C-reactive protein; Lysophosphatidylcholine; Macrophages; Foam cells
There is a relationship among hypercholesterolemia, oxidative stress and inflammation in the atherogenesis. Thus, the objective of the present study was to assess paraoxonase (PON1), superoxide dismutase (SOD) and thioredoxin reductase (TrxR-1) activities and their relationship with lipids, oxidative stress and inflammation in subjects with different low density lipoprotein-cholesterol (LDL) levels.
Serum lipids, highly sensitive C-reactive protein (hs-CRP), lipid and protein oxidation, oxidized LDL (LDLox) and LDLox autoantibodies (LDLoxAB) levels and enzymes activities were measured in a total of 116 subjects that were divided into the following groups according to their LDL levels: low-LDL group (LDL < 100 mg/dL, n = 23), intermediate-LDL group (LDL 100–160 mg/dL, n = 50) and high-LDL group (LDL > 160 mg/dL, n = 43).
The LDLox and hs-CRP levels increased in the high-LDL group (2.7- and 3.7- fold, respectively), whereas the intermediate and high-LDL groups had higher LDLoxAB (2.2- and 3.1-fold) when compared to low-LDL group (p < 0.05). Similarly, SOD activity, the atherogenic index (AI) and protein oxidation were also higher in the intermediate (1.3-, 1.3- and 1.2-fold) and high-LDL (1.6-, 2.3- and 1.6-fold) groups when compared to the low-LDL group (p < 0.05). Lipid oxidation and SOD/TrxR-1 ratio increased only in the high-LDL group (1.3- and 1.6-fold) when compared to the low-LDL group (p < 0.05). The SOD/TrxR-1 ratio was positively correlated to TBARS (r = 0.23, p < 0.05), LDLox (r = 0.18, p < 0.05), LDLoxAB (r = 0.21, p < 0.05), LDL (r = 0.19, p < 0.05) and AI (r = 0.22, p < 0.05). PON1 and TrxR-1 activities were similar among groups.
Some oxidative events initiate when LDL levels are clinically acceptable. Moreover, hypercholesterolemic patients have an imbalance in SOD and TrxR-1 activities that is positively associated to LDL oxidation.
Atherogenic index; Hypercholesterolemia; Oxidized low density lipoprotein; Superoxide dismutase; Thioredoxin reductase
Modified low density lipoproteins (LDL), including their oxidized forms, have been widely implicated in the etiology of atherosclerosis and concomitant cardiovascular disease (CVD) in chronic renal failure (CRF). The nature of events that lead to oxidative changes in LDL proteins are not clearly understood. Thus, patients suffering from CRF were grouped into mild, moderate and severe categories based on their blood urea and serum creatinine levels. Progression of CRF was accompanied not only with gradual increase in serum malondialdehyde (MDA) but also parallel increase in conjugated diene and MDA levels in LDL fractions separated from serum. Serum superoxide dismutase (SOD) activity was concurrently found to decrease, along with a decrease in high-density lipoprotein (HDL) cholesterol, during the progression of CRF. Gradual increase in the appearance of LDL oxidation products seems to accompany progressive manifestation of CRF. The results presented suggest that determination of serum MDA and SOD levels may enhance the diagnostic significance of the study of lipid profile in determining the risk for cardio vascular disease in CRF.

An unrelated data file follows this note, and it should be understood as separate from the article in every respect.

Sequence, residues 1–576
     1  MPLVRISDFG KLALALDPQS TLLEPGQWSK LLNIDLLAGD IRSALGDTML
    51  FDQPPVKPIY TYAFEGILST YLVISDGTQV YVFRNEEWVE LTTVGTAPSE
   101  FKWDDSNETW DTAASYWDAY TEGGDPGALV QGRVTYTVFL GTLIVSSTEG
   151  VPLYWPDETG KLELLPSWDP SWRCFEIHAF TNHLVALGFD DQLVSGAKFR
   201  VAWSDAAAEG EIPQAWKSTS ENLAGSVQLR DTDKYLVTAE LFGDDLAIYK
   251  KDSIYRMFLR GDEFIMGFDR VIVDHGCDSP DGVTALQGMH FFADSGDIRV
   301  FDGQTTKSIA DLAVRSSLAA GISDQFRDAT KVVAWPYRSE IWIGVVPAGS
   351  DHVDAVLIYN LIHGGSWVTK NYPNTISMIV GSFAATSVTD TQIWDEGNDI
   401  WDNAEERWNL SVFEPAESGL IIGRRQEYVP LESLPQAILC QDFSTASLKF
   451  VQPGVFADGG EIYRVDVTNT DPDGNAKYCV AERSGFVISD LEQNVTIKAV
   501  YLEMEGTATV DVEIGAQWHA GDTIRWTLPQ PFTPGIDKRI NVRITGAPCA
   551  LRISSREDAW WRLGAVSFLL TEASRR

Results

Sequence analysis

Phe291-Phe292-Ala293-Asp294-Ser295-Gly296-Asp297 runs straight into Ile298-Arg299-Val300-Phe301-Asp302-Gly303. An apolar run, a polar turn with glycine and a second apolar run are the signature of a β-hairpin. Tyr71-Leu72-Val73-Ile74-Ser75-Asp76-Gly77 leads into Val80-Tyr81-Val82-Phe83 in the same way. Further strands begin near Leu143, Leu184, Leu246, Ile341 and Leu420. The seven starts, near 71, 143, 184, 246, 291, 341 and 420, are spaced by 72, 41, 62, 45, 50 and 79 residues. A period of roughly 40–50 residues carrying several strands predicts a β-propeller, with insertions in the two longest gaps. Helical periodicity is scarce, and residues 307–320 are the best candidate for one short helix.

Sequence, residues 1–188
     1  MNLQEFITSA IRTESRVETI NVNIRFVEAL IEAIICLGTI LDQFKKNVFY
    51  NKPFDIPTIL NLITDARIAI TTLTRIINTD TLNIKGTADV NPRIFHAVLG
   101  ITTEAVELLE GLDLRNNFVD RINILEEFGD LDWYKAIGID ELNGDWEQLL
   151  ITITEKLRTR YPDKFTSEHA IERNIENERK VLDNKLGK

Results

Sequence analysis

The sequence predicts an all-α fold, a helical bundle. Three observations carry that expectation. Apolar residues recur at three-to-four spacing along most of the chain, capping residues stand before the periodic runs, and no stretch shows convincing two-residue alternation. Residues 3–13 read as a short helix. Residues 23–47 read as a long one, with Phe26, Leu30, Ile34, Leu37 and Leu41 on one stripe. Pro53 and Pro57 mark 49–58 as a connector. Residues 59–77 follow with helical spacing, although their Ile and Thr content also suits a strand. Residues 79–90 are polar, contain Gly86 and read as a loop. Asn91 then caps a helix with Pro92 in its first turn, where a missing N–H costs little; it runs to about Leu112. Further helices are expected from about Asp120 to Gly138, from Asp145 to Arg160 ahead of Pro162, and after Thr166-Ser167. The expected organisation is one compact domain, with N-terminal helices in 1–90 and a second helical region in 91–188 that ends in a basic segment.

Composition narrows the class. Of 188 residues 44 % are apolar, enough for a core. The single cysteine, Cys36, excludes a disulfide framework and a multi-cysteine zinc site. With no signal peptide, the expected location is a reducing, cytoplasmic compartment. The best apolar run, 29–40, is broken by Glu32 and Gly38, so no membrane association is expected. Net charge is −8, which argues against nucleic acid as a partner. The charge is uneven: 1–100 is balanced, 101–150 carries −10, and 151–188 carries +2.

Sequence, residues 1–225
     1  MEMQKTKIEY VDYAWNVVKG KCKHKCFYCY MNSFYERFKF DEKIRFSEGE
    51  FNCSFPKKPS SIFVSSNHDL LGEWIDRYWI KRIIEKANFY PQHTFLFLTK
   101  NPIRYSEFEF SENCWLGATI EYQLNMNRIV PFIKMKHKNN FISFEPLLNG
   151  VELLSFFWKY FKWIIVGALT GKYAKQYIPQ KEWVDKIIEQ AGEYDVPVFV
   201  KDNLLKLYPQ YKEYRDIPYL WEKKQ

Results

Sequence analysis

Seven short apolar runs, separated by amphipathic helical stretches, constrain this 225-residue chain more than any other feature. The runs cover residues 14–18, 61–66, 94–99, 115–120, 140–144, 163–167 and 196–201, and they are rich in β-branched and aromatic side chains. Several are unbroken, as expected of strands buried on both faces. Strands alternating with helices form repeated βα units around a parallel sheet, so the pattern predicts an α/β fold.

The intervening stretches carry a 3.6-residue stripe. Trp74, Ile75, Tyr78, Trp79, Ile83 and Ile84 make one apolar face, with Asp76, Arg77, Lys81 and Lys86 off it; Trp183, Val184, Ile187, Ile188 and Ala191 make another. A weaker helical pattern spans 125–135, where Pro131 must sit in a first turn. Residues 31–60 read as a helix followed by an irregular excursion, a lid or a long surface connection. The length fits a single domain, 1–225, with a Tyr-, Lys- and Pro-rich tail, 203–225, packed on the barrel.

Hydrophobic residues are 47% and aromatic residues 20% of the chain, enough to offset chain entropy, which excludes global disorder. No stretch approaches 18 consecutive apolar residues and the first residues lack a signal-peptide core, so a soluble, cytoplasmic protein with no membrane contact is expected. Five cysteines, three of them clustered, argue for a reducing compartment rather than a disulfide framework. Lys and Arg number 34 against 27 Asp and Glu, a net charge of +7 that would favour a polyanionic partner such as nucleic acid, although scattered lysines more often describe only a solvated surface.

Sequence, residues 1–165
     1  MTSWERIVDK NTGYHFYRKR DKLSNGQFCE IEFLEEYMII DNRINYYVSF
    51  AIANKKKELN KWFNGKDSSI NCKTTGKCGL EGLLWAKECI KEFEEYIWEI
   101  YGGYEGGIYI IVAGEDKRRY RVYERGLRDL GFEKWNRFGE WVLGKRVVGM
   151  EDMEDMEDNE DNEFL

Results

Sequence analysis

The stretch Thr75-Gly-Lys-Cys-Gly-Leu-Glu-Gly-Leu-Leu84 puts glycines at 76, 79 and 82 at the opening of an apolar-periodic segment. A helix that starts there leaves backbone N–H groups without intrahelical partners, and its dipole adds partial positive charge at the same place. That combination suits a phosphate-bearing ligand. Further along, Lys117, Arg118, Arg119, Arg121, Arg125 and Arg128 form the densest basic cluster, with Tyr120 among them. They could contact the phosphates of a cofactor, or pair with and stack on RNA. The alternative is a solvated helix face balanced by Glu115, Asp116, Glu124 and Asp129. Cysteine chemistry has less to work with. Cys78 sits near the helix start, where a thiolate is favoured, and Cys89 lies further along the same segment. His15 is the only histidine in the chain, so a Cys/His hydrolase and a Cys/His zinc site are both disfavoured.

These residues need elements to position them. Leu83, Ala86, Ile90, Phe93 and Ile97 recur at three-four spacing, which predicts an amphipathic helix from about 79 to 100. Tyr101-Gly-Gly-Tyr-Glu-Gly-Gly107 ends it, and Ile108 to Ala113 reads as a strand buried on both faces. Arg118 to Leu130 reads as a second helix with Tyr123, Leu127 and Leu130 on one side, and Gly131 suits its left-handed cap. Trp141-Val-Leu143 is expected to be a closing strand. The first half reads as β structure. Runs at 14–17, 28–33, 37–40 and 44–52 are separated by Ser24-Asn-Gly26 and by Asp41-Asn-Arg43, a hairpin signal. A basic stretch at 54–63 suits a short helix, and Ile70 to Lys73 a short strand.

Chronic renal failure; Malondialdehyde; Superoxide dismutase; Low density lipoproteins; Lipid peroxidation
C-reactive protein (CRP) is secreted by hepatocytes as a pentameric molecule made up of identical monomers, circulates in the plasma as pentamers, and localizes in atherosclerotic lesions. In some cases, localized CRP was detected by using monoclonal antibodies that did not react with native pentameric CRP but were specific for isolated monomeric CRP. It has been reported that, once CRP is bound to certain ligands, the pentameric structure of CRP is altered so that it can dissociate into monomers. Accordingly, the monomeric CRP found in atherosclerotic lesions may be a stationary, ligand-bound, by-product of a ligand-binding function of CRP. CRP binds to modified forms of low-density lipoprotein (LDL). The binding of CRP to oxidized LDL requires acidic pH conditions; the binding at physiological pH is controversial. The binding of CRP to enzymatically-modified LDL occurs at physiological pH; however, the binding is enhanced at acidic pH. Using enzymatically-modified LDL, CRP has been shown to prevent the formation of enzymatically-modified LDL-loaded macrophage foam cells. CRP is neither pro-atherogenic nor atheroprotective in ApoE−/− and ApoB100/100Ldlr −/− murine models of atherosclerosis, except in one study where CRP was found to be slightly atheroprotective in ApoB100/100Ldlr −/− mice. The reasons for the ineffectiveness of human CRP in murine models of atherosclerosis are not defined. It is possible that an inflammatory environment, such as those characterized by acidic pH, is needed for efficient interaction between CRP and atherogenic LDL during the development of atherosclerosis and to observe the possible atheroprotective function of CRP in animal models.